Whenever I read books about a group of strangers meeting in an isolated place and being thrust into a horror story, I often can’t help but roll my eyes. If you remember my review of ‘The Rules’ in October, you may recall it kind of left a foul taste in my mouth. It was by no means terrible, but it left me wanting more variety and depth. I wanted an original story with new characters, a sense of chilling atmosphere, and be genuinely scared and care for the characters.
Well…Ruth Ware’s chilling novel ‘In a Dark, Dark Wood’ is that book.
For the past ten years, Leonora has lived as a reclusive writer in her London flat. In-between writing her crime fiction novels and going on jogs, she doesn’t have that much of
a social life and prefers a quiet life. However, after getting inviting to a hen night (for clarity, it’s a British term for a bachelorette party) by one of her old university friends named Clare (who’s marrying the main character’s ex), Leonora reluctantly goes to the address and finds herself in an eerie glass house in the middle of the woods.
Joined with her are several other old friends of Clare’s, including Leonora’s current best friend named Nina, who start off having fun on the weekend until night falls. They include a gay friend named Tom, a recent mother named Melanie, and also Clare’s BFF named Flo. Then and there, everyone slowly begins to realize something: they aren’t alone, and someone is hiding a secret.
Forty-eight hours later, Leonora wakes up in the hospital with no memory and a policewoman outside her room. All she can ask is, “What happened?”
Agatha Christie’s ‘And Then There Were None’ is probably well known for the fact it has made this kind of story popular with horror stories. I appreciate it for that, but I always disliked how the book never took the time to fully introduce the personalities present. If we do not know the people in the story, it won’t impact us on the reveal of the killer. ‘The Rules’ held this same problem too, and that was supposed to be for teens. Luckily, ‘In a Dark, Dark Wood’ doesn’t shy away from answering our questions like, “who are the characters?”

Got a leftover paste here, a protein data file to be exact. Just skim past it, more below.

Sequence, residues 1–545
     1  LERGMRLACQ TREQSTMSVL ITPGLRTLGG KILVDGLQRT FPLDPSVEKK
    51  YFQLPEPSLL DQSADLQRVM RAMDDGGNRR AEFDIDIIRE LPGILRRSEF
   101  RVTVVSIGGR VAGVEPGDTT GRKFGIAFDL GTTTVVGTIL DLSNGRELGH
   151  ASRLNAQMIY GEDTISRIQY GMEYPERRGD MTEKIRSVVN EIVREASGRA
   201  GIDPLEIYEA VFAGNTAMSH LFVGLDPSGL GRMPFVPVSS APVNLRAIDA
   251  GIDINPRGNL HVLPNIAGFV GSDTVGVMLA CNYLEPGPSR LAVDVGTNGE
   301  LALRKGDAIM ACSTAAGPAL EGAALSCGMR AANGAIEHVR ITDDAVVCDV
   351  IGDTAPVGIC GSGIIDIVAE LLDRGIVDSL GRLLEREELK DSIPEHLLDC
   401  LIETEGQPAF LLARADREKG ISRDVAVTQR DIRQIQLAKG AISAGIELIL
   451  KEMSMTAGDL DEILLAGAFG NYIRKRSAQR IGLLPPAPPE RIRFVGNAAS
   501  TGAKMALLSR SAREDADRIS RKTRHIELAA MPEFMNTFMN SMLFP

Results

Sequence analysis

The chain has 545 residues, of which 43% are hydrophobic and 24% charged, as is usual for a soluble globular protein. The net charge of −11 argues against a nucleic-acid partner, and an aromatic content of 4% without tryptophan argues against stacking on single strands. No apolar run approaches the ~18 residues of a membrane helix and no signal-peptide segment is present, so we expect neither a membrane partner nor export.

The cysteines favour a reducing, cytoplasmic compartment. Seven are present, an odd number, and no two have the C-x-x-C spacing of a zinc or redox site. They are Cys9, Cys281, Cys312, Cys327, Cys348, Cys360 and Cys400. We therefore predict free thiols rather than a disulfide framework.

Leonora’s an introvert, a cynic, and is the type who likes to write whenever she can. Nina’s snarky, a smart-mouth, but also has a sense of camaraderie when it comes to best friends. Flo’s a pencil-pusher, a smiling façade, an insecure woman who likes to talk more about Clare than herself. Melanie’s a housewife, a polite eccentric, the type of young woman you’d meet at the grocery store. Tom’s an easy guy, an actor, a gay man who doesn’t like to be flamboyant and show off his sexuality.
And Clare, good God don’t get me started on Clare.
Ruth Ware blends in a beautiful mixture of psychological horror and a therapist’s depth into the flaws of these several people. The writing style is conscious toward displaying the insecurities and venting anger of each individual at the hen night, and does not shy away from adult jokes and adult lessons. I love how this novel can be for both adults and early college students not because it says the f-word or makes sex jokes, but because ‘In a Dark, Dark Wood’ comments on thoughts most young adults and post-college students think about: Who am I as a person? Am I different from my school years? Can ten years change a person? Are your friends really friends? And this novel beautifully talks about them while having a vague mystery and brilliant setting.
The idea of having this take place in a white glass house in the middle of the woods is not only brilliant, but lends itself to chilling atmosphere and mental imagery. The narrative and pacing cleverly paints Leonora’s uneasiness with being in a building with no walls and only a view of the dirty woodlands. As said in the book, it felt like being on a stage and exposed.
I will admit though, there are some flaws. It isn’t huge though, but the middle of the book tended to drag on regarding when the girls (and Tom) confront the stalker outside. The buildup was good, and the reveal was a good twist of who the mastermind was, yet everything before that kind of felt like a couple of filler chapters.
However, I much highly recommend this, even if you aren’t into the psychological mystery genre. I probably move this more and put it over Agatha Christie’s ‘And Then There Were None’ not only because of having likeable character, but also having a good mystery and outcome. Dripping with modern gothic atmosphere and several memorable characters we can relate to, as well as an unnerving sense of being watched, Ruth Ware gives us a mysterious tour ‘In a Dark, Dark Wood’.
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